An EgyptAir plane was hijacked Tuesday morning and forced to land in Cyprus, Egyptian officials said.
The plane was set for the short flight from Alexandria to Cairo, about 180 kilometers away. It landed instead at Larnaca airport in Cyprus, about 540 kilometers northeast.
The hijacker, who held the plane and crew, threatened to blow up the plane, officials said.
However, news sources said the hijacker said he wanted to speak to his former wife, who lives in Cyprus. The hijacker, identified as Seif el-Din Mustafa, later admitted that he did not have explosives.
The president of Cyprus told local media a "domestic issue" was behind the hijacking. The hijacker's former wife was brought by local police to the airport to meet with him.
After the plane landed in Cyprus, video showed passengers walking down the plane stairs to a bus on the ground at Larnaca International Airport.
Cyprus public television reported that the hijacker was a 27-year-old Egyptian. He asked for political asylum, it said.
Just before his arrest, one man was seen climbing out of the cockpit window and sliding down the side of the airplane.
Egypt's civil aviation minister said security on the plane was good and the hijacker had not been able to enter the cockpit. That prevented a more serious threat, he said.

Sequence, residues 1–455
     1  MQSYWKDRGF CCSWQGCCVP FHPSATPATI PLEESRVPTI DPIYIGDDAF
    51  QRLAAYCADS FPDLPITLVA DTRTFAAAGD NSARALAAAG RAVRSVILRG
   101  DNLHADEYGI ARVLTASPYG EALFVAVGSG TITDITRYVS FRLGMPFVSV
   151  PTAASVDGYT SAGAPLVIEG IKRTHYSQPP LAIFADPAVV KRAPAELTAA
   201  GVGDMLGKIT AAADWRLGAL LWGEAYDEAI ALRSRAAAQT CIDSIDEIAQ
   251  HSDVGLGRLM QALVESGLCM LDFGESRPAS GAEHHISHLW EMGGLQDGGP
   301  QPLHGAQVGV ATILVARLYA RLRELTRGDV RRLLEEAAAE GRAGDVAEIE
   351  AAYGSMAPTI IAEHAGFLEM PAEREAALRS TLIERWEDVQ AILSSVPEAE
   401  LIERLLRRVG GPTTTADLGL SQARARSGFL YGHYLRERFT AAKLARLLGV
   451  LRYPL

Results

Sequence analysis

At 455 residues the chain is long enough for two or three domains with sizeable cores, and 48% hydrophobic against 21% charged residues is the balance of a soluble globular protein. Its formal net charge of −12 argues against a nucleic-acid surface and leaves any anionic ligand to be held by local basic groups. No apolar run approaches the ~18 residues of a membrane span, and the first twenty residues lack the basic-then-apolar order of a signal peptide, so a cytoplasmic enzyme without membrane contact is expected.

Egyptian TV showed video of a man going through a metal detector and being searched at Alexandria Airport before getting on the plane.
Questions on airport security
Last November, the Associated Press reported that the airport at Sharm el-Sheikh had "gaps," or holes, in security. Gaps include "a key baggage scanning device" that often is not working.
The AP also said that "poorly paid policemen monitoring X-ray machines" often take bribes.
At that time, a spokesman for Egypt's Aviation Ministry dismissed the stories of poor security. He told AP that "Sharm el-Sheikh is one of the safest airports in the world."
But, British Transport Secretary Patrick McLoughlin said that bag screening was insufficient at the airport.
A retired senior official from Egypt's Tourism Ministry told AP that airport guards regularly skip, or avoid, security checks for friends and co-workers.
Tuesday's hijacking will most likely damage Egypt's important tourism industry. It has already suffered from years of political unrest and a growing terror threat.
An Islamic State affiliate in the Sinai Peninsula in October brought down a Russian passenger jet with a bomb planted on board, killing all 224 people on board.
I'm Jonathan Evans
VOA News, the New York Times and the Associated Press reported this story. Anne Ball and Kathleen Struck adapted it for VOA Learning English.
Words in This Story
hijack -- n. to take, hold or seize something without permission
political asylum -- n. asking for protection for political reasons
scanning -- v. to look at (something) carefully usually in order to find someone or something
bribes -- n. giving or taking money or favor to get better treatment
dismissed -- v. to not consider
insufficient -- adj. not enough
explosives -- n. materials that create a release of energy with great force